The business of rock music is almost as entertaining as the music itself. One of our missions here at Best Classic Bands is to explore myriad aspects of “The Biz” both past and present that have their effects on the music, its makers and its fans. Among then are:
Brick & Mortar Record Retailing: The growth of rock music in the 1950s and ’60s fostered the rise of the independent retail record store and regional and national chains. The digital music revolution slaughtered most all of the chains and created chaos and jeopardy for the indie retailers. But just as the music survived, so did record stores. We look to the past, at the present and into the future at this central factor in connecting consumers with the music.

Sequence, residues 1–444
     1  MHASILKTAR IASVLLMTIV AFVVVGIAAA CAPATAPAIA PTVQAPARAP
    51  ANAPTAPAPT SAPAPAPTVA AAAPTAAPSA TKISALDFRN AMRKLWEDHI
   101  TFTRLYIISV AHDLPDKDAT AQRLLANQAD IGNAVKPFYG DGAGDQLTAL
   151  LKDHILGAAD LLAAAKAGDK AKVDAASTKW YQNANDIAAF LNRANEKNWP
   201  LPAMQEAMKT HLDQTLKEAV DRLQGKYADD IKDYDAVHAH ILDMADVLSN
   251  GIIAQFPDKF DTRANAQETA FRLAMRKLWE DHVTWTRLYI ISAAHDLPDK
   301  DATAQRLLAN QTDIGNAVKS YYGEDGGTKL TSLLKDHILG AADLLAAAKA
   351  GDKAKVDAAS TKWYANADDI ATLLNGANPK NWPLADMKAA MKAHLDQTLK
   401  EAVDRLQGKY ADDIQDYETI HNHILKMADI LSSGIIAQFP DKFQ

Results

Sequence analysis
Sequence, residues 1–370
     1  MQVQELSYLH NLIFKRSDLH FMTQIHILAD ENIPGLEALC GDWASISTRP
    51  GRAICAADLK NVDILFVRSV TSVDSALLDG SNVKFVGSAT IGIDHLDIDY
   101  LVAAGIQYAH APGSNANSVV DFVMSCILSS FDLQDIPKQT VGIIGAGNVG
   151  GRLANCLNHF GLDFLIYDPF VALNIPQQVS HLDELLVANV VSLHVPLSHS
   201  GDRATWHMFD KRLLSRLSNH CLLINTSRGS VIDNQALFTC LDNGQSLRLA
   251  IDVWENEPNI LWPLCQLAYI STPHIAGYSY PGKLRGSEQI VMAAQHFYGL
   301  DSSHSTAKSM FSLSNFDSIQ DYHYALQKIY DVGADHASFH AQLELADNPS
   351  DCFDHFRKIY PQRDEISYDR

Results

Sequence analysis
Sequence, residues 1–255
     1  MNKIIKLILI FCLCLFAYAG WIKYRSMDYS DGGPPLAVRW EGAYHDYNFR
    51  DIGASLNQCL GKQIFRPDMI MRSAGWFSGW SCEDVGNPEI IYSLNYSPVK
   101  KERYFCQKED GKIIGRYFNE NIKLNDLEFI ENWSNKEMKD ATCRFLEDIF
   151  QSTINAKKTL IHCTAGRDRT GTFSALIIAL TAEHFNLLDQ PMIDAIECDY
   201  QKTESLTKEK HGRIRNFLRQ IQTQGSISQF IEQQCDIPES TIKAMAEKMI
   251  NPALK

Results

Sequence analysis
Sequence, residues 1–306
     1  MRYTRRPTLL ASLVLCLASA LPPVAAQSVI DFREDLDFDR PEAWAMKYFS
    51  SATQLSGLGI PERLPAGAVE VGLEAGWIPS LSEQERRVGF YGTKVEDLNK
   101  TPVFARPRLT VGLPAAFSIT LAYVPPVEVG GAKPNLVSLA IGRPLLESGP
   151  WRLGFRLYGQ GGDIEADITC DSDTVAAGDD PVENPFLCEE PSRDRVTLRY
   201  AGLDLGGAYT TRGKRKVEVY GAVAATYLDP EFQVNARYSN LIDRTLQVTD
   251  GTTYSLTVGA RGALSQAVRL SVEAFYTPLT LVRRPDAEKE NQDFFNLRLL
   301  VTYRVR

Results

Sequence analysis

Please Release Me: There are unreleased albums by artists as well as bootleg concert recordings that have never been officially released and should be. As well, some albums from the past are not currently available for purchase. In these articles we identify such recordings and discuss why they deserve to finally be made officially available or reissued.
Promo Hits, Flops & Swag: A Warner Bros. Records ad on the back cover of Billboard magazine in the late 1970s just about said it all: “What happens if you don’t promote? Nothing.” The many creative, odd and sometimes downright crazy ways that the business promoted artists and their effects – positive, negative and unintended – are a source of fascinating tales. And the items and ways that were used to do so launched a still-thriving memorabilia business and yielded many interesting (and sometimes hilarious) artifacts.